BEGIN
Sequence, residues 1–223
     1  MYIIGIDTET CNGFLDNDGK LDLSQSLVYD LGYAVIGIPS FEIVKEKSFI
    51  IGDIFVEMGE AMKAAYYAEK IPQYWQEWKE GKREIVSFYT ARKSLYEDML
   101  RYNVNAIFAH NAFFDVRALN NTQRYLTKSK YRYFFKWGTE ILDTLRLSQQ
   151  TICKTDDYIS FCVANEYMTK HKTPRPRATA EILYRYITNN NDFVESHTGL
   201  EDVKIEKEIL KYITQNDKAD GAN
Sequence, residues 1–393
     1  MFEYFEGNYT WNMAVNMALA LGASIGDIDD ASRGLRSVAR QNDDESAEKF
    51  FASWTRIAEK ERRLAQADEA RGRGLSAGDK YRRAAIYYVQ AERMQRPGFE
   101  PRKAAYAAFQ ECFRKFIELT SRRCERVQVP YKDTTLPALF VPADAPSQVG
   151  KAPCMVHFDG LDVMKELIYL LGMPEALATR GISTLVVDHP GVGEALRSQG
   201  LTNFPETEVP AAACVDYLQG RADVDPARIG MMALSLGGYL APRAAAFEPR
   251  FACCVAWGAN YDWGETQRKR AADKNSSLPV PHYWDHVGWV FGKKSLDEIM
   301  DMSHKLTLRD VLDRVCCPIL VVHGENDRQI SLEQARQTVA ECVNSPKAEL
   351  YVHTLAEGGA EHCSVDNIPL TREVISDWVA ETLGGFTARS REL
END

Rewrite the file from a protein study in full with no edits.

Sequence, residues 1–223
     1  MYIIGIDTET CNGFLDNDGK LDLSQSLVYD LGYAVIGIPS FEIVKEKSFI
    51  IGDIFVEMGE AMKAAYYAEK IPQYWQEWKE GKREIVSFYT ARKSLYEDML
   101  RYNVNAIFAH NAFFDVRALN NTQRYLTKSK YRYFFKWGTE ILDTLRLSQQ
   151  TICKTDDYIS FCVANEYMTK HKTPRPRATA EILYRYITNN NDFVESHTGL
   201  EDVKIEKEIL KYITQNDKAD GAN
Sequence, residues 1–393
     1  MFEYFEGNYT WNMAVNMALA LGASIGDIDD ASRGLRSVAR QNDDESAEKF
    51  FASWTRIAEK ERRLAQADEA RGRGLSAGDK YRRAAIYYVQ AERMQRPGFE
   101  PRKAAYAAFQ ECFRKFIELT SRRCERVQVP YKDTTLPALF VPADAPSQVG
   151  KAPCMVHFDG LDVMKELIYL LGMPEALATR GISTLVVDHP GVGEALRSQG
   201  LTNFPETEVP AAACVDYLQG RADVDPARIG MMALSLGGYL APRAAAFEPR
   251  FACCVAWGAN YDWGETQRKR AADKNSSLPV PHYWDHVGWV FGKKSLDEIM
   301  DMSHKLTLRD VLDRVCCPIL VVHGENDRQI SLEQARQTVA ECVNSPKAEL
   351  YVHTLAEGGA EHCSVDNIPL TREVISDWVA ETLGGFTARS REL